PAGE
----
If a classroom discipline situation calls for a student behavior contract, of course parents must be involved. But be very cautious about including tasks for the parents to do at home. And if you do...don't expect such tasks to actually change behavior in your classroom.
How can I get parents to follow through on student behavior contracts?
We have a great plan for dealing with inappropriate school behavior problems, but there is no support or consistency at home. The parents will say at the IEP or behavior meetings that they will support homework completion and take away privileges when there are behavioral issues at school.
But then the student comes to class the day after a rough school day and says "My parents bought me a new video game last night" or "My mom said all I have to do is come to school and she'll buy me McDonald's."
And this is after we send e-mails or leave messages about the classroom discipline struggles that day!
Do you have any suggestions for how I can get the parents on board with what we are trying to do regarding school behavior problems?
~ Trinity, Omaha, Nebraska
Number one: Get used to the idea that a teacher will never fundamentally change the way anyone parents their kids.
Yes, I know that your suggestions for intervention at home are based on the reality of what you see in the classroom. Yes, I know that what you suggest is nothing unusual in the realm of parenting.
But face it: It's not going to happen....even if the parents agreed to it.
Remember, first of all, that behavior contracts are not really "contracts"...meaning that there are no legal enforcement mechanisms. All they are is a formalized way of outlining a school's plan for addressing school behavior problems so the student and the parents know that you are serious.
At best, they are "psychological contracts."
Secondly, never include anything in a behavior contract that is not under the direct control of a specific person at school. I go into this in greater detail in my classroom discipline section.
Any contract that does not follow this guideline is simply a wish list that uses the "hope method" (as in, "I hope this works.") A simple piece of paper is not going to change a parent-child interaction pattern that has been developing for years.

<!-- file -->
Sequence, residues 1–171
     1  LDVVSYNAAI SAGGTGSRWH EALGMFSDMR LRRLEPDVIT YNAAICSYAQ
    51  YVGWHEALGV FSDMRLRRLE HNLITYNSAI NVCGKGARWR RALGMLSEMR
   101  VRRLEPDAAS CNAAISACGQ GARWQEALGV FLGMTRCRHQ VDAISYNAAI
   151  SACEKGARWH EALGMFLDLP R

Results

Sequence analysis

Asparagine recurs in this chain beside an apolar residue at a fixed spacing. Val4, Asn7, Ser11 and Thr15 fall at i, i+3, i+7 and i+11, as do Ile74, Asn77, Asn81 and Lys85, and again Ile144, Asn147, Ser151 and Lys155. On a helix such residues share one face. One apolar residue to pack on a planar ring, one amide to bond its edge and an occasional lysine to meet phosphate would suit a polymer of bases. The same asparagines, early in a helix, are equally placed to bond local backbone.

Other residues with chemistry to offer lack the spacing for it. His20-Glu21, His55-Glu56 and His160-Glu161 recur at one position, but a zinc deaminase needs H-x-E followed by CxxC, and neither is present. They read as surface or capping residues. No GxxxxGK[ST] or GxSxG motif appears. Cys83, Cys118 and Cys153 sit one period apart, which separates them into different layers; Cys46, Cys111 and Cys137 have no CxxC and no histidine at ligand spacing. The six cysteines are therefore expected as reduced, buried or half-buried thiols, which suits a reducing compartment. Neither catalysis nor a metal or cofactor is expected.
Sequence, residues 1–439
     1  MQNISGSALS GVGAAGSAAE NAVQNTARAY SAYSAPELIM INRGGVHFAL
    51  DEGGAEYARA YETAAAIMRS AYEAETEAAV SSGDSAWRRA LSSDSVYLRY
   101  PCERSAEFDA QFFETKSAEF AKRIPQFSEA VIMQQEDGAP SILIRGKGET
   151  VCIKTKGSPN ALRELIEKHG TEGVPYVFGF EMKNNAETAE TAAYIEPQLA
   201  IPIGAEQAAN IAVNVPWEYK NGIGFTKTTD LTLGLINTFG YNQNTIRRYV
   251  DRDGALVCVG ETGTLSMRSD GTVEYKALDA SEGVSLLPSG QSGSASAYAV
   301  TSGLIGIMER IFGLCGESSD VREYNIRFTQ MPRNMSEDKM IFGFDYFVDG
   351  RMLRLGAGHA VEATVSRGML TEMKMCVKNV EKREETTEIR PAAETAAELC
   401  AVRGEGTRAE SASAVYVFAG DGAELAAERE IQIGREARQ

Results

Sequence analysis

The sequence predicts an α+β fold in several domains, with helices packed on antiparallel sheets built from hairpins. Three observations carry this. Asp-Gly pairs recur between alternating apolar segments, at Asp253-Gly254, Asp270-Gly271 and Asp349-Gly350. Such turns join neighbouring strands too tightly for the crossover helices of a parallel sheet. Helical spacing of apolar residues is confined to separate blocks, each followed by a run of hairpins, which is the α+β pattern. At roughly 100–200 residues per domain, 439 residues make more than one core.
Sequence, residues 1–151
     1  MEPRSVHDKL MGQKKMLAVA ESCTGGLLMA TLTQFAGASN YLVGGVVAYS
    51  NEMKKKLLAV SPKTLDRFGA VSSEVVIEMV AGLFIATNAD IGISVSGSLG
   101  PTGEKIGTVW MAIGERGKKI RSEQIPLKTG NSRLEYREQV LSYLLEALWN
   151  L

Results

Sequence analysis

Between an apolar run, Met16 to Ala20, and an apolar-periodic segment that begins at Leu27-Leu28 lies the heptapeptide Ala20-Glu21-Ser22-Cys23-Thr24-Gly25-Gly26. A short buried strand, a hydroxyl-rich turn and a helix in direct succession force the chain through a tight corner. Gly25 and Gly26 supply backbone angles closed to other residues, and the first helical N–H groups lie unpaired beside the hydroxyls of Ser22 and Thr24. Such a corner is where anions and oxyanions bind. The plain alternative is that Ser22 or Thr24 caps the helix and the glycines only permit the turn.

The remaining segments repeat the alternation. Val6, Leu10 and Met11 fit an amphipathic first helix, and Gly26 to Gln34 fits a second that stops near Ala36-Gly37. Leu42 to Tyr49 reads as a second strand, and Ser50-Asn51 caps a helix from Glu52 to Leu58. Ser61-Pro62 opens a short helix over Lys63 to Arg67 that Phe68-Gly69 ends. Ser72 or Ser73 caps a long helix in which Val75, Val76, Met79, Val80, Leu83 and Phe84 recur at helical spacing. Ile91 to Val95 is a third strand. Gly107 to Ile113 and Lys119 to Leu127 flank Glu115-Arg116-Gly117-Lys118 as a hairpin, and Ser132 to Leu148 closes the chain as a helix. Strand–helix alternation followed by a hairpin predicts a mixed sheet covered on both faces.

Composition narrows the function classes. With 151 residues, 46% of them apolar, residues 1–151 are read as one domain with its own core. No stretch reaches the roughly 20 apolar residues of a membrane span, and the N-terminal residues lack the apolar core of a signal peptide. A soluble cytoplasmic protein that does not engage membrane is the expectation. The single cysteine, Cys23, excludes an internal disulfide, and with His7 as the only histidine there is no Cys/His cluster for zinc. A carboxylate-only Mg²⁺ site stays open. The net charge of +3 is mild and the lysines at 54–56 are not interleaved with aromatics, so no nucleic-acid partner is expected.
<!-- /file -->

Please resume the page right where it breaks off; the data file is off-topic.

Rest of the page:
Parents are partners...not adversaries.
It's all about the child.
Your solution? When creating a behavior contract, focus on those specific behaviors that you can influence at school. To the extent that parents are to be involved, this should be in the form of:
"If Michael steals any item, he'll be asked to stay in the office until his parents come pick him up."
"If Michael steals any item, his parents will remove his TV-watching privileges for two days."
The second example is simply out of your control and cannot be confirmed, so should never be included.
Here's another set of examples that relate more directly to your question:
"If Michelle doesn't complete her homework at home, she will complete it during lunch recess."
"Michelle will complete her homework before playing video games at home."
That's not to say that you can't discuss options for consequences at home if the parents want input. But just do it verbally. Again...no simple piece of paper is going to change an adult's approach to parenting.
Your real influence at home comes in the form of a better teacher-parent relationship. Work on this relentlessly, reaching out over and over again, even if your efforts are ignored or rebuffed.
Bring the parents onto your team. When they start to see the positive results of your classroom-team building and community formation at school, they are more likely to become supportive of your efforts when their children are at home.
The basic prescription for a good parent-teacher relationship: Make sure to give them more positives than negatives.
If all they are receiving from school is negative messages, they won't want to stay involved. Let them know that even though you are tough, you are on the side of their child no matter what, and that you see the good along with the not-so-good.
Isn't that what we would all want of our kids' teachers?
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